The Permission to Grieve

The Permission to Grieve

Now when Mary came to where Jesus was and saw him, she fell at his feet, saying to him, “Lord, if you had been here, my brother would not have died.”  When Jesus saw her weeping, and the Jews who had come with her also weeping, he was deeply moved in his spirit and greatly troubled. And he said, “Where have you laid him?” They said to him, “Lord, come and see.”  Jesus wept.

John 11: 32-35

Jesus wept. Many of us have memorized this “shortest verse in the Bible” while growing up, trying to prove to our parents or Sunday School teachers that we are, in fact, memorizing Scripture. Although very simple, this verse is packed with so much meaning, particularly for those of us who are grieving.

Let’s talk about the context of this verse. Earlier in the chapter, Jesus is told that his close friend whom he loved, Lazarus, is ill and dying. Hearing this, Jesus waits two days then travels to Lazarus’ home. On his way he told his disciples who were traveling with him that Lazarus has already died. When he showed up at Lazarus’ home, Lazarus’ sisters were confused, both of them saying that they knew if Jesus had been there, their brother would not have died. In the passage above, Scripture tells us that Jesus was “deeply moved in his spirit and greatly troubled.” In Jesus’ perfect empathy, He hurt and grieved with those He loved. As we know from the end of this chapter, Jesus ends up raising Lazarus from the dead. While He was weeping and feeling “greatly troubled” out of empathy for His beloved friends, He already knew that the outcome was going to be that Lazarus would rise from the dead. Jesus gave Himself and those around Him permission to grieve, even knowing the hope that He had.

Let this passage remind you that you have permission to grieve. Not only does Jesus give you this permission, but in His empathy and His love for you, He weeps with you.

What is Grief?

Now that we’ve established that we have permission from Jesus to grieve, let’s discuss what grief is. Grief is “a natural response to loss” ( The emotions associated with grief are vast, but the most common ones you will hear discussed are denial, anger, depression/sadness, bargaining, and acceptance. Other common emotions are anxiety, guilt, blaming, and fear among many more emotions. Sometimes the emotions come all at once and feel like an overwhelming and confusing mixture. Other times, individuals move through different emotions one at a time. The healthiest way to work through a loss is to give yourself permission to feel whatever you’re feeling. Each individual is different and no person’s grief will be the same as another’s. Give yourself time and be open with yourself about what you’re feeling.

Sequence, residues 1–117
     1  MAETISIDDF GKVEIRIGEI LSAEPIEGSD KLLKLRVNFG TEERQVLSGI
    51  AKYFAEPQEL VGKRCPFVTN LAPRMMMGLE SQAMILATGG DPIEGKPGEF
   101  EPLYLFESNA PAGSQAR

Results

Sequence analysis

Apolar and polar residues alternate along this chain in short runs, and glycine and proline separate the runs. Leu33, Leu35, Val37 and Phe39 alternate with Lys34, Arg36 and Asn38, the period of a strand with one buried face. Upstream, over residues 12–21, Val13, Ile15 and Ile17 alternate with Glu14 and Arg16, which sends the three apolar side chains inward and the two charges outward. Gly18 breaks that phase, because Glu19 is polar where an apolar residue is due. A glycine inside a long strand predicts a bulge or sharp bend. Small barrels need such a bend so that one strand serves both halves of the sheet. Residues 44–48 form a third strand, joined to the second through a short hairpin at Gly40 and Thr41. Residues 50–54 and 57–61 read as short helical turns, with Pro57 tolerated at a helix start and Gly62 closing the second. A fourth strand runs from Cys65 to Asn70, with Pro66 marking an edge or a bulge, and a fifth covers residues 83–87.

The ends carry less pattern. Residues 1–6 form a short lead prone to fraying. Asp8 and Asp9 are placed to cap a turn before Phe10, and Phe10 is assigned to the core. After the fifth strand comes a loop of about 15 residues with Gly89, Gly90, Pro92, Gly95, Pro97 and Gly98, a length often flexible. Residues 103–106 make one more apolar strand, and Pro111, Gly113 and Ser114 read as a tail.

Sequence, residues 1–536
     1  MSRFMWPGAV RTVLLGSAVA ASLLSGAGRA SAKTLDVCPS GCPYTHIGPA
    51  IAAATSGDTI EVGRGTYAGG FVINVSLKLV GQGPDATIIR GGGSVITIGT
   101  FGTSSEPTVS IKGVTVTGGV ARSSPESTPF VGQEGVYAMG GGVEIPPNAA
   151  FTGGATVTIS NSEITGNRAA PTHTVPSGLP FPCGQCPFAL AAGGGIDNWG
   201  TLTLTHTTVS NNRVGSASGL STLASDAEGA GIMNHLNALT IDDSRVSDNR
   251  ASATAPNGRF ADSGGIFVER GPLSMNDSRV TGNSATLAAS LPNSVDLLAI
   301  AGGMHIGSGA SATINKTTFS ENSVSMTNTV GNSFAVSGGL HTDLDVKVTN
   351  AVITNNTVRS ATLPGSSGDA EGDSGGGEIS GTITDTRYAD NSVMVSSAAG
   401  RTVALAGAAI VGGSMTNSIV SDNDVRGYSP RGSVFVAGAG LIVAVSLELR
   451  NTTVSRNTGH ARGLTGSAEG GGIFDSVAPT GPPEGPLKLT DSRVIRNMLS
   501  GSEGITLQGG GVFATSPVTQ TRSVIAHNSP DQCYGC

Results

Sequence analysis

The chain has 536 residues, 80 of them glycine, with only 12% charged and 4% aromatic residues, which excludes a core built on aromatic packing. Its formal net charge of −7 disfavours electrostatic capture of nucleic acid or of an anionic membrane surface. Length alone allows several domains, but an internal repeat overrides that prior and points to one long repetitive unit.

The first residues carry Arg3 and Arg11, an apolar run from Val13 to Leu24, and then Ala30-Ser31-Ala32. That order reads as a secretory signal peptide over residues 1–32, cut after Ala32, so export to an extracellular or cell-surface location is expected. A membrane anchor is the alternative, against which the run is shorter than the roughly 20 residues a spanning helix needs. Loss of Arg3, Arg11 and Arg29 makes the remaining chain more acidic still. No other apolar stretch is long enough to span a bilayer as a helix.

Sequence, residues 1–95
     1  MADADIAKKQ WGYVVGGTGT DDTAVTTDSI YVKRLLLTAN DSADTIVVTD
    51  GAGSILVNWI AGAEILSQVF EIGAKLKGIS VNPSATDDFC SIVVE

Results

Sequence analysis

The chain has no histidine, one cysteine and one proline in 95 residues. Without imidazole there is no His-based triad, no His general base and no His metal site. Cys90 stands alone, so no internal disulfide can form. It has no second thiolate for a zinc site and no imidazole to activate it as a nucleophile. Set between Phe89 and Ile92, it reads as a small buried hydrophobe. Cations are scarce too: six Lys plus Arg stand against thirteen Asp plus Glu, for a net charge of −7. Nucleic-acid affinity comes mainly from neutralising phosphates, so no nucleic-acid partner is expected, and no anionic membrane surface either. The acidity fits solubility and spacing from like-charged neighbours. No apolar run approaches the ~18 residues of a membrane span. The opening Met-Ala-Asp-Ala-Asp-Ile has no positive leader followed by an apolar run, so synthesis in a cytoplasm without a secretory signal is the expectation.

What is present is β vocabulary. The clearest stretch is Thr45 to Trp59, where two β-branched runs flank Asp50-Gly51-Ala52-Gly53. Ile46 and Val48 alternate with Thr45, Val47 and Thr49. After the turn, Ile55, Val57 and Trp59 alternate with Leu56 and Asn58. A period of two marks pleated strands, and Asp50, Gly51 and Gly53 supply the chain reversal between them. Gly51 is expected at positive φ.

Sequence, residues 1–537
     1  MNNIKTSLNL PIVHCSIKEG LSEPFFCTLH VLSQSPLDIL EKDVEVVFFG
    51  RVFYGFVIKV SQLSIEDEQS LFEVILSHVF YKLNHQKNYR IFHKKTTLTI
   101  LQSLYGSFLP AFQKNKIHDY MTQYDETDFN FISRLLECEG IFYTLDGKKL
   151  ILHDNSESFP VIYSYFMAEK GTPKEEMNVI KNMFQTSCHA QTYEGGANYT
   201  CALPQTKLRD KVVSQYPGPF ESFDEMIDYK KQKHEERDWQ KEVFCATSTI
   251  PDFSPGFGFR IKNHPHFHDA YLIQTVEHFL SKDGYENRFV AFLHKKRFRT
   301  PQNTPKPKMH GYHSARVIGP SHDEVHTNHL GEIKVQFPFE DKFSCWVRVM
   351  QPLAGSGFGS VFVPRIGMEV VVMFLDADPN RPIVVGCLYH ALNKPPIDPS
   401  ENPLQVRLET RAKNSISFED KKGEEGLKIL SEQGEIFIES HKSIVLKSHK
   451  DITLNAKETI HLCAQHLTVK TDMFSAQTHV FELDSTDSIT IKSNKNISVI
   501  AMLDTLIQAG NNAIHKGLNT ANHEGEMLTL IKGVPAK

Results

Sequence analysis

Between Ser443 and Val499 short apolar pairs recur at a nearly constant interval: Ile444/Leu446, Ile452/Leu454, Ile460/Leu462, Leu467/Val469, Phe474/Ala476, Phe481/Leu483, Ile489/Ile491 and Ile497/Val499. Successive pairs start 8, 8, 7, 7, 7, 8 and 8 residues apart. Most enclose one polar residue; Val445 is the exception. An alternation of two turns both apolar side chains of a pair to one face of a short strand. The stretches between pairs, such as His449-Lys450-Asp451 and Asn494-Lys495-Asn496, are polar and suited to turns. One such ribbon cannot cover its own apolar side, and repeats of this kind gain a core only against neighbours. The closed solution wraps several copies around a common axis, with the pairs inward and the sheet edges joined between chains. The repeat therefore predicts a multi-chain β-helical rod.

Sometimes individuals feel that what they are going through should not lead to grieving. They may ask the question, “What things are okay to feel grief about?” In short, the answer to this question is anything. Grief is our reaction to a real or even perceived loss. This may be grief about losing a loved one or family pet, loss of a future you had hoped for, dealing with an illness, or suffering a breakup or divorce among many other reasons to be grieving.

Grieving as a Believer

But we do not want you to be uninformed, brothers, about those who are asleep, that you may not grieve as others do who have no hope.

1 Thessalonians 4:13

What a beautiful truth we as Christians get to experience. I want you to be careful when you read this to not just read, “you may not grieve.” As stated earlier, we have permission to grieve and it is necessary to do so. But as believers, we get to grieve with hope! We have hope in our eternity with Jesus and in the promise that “all things work together for good to them that love God” (Romans 8:28). The emotions of grief may feel contradictory to the feeling of hope, but this Scripture reminds us that it is not a contradiction. I challenge those of you who are grieving to lean into the emotions of grief while also leaning into the hope. As a reminder, Jesus will be there with you in all of these emotions.

In addition to the support of Jesus grieving with you, it is important to have a community around you during a time of grief. As the body of Christ, we are called to “mourn with those who mourn” (Romans 12:15). Reach out to the supportive people in your life. If you feel that you need additional support, the therapists at SureHope would love to walk with you through this journey. Click here for a list of our clinicians.

~Jessica Winebarger, LCMHC

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